Mercantilism: the economic side of colonialism.

Mercantilism: an economic theory that dominated in the modernized parts of Europe from the 16th to the 18th century. This theory is mostly associated with colonialism and the exploitation of the colonies’ natural resources.
Mercantilism is considered as the first trade system between nations.

Mercantilism is centered around the idea that a country’s wealth is determined by its accumulation of precious metals (gold and silver) and the economic growth is associated with the increase of the money in circulation in the economy.
So the European countries had to focus on maximizing their exports and minimizing their imports. To do so, they developed industries oriented by governments for the production of goods to be exported. But before this, their main strategy was to rely on the colonies, which had a huge contribution in the European countries increasing wealth. The colonizers used to take the raw materials from their colonies, use their industrial capabilities to turn them into manufactured goods and then sell these goods to the colonies which form new markets with new opportunities and less competition. To facilitate this process, European countries prohibited inter-colonies trade.
Mercantilism also valued the importance of a large population as a form of wealth that leads to self-sufficiency and power: a larger population means more  labor supply, larger markets and stronger armies.
Back then, the wealth was viewed as zero-sum: if a country earns, the other one loses an equal amount, this is because the richness of a nation was determined by precious metals, which are scarce (limited) resources, so if one country has more of the world’s gold (or silver) then the other countrie has less of it. And this explains the extreme competition between European countries to conquer more lands.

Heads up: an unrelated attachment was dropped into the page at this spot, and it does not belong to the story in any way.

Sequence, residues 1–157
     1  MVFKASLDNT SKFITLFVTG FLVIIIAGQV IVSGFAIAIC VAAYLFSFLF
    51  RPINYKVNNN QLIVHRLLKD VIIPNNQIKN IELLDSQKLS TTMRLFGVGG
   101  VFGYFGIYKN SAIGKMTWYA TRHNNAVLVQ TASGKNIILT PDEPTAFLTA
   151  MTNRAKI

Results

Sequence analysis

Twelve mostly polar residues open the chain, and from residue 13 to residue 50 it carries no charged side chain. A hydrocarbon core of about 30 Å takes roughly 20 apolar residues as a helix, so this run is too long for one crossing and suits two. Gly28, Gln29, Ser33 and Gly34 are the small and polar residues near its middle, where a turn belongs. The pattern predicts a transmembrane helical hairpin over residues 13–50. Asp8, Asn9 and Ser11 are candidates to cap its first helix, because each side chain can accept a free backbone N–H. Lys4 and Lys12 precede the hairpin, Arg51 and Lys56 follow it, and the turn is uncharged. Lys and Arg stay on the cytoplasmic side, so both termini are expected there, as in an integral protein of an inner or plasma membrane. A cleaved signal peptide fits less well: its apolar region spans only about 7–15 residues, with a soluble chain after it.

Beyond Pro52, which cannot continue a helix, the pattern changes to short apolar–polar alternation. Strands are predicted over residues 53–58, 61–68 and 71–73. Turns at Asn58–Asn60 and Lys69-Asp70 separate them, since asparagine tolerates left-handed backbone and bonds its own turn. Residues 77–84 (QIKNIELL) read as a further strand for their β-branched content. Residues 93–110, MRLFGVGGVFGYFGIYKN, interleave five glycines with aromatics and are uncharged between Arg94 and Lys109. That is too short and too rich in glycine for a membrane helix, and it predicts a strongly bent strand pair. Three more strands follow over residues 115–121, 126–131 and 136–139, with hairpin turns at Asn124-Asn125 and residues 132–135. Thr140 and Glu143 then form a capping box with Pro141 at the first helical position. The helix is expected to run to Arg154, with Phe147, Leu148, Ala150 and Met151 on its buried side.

After 3 centuries of dominance, mercantilism had to come to an end by the 19th century especially with Adam Smith and the publication of his book “Wealth Of Nations” that encouraged the world to shift into a free trade system based on Smith’s laissez-faire economics.

This economic system that made one part of the world grow relying on other part exploitatively, it was obvious that an end had to be placed for it, because it was inconsistent with human principles and values. Maybe we can (or we should) cooperate in order to grow and develop, but it is unreasonable for us to exploit each other in this hideous way.

E-money exchange rates

1 thought on “Mercantilism: the economic side of colonialism.

  1. […] the 17th century, thanks to the industrial revolution and the European expansion overseas, most European countries were witnessing an increase in agricultural production, technological […]


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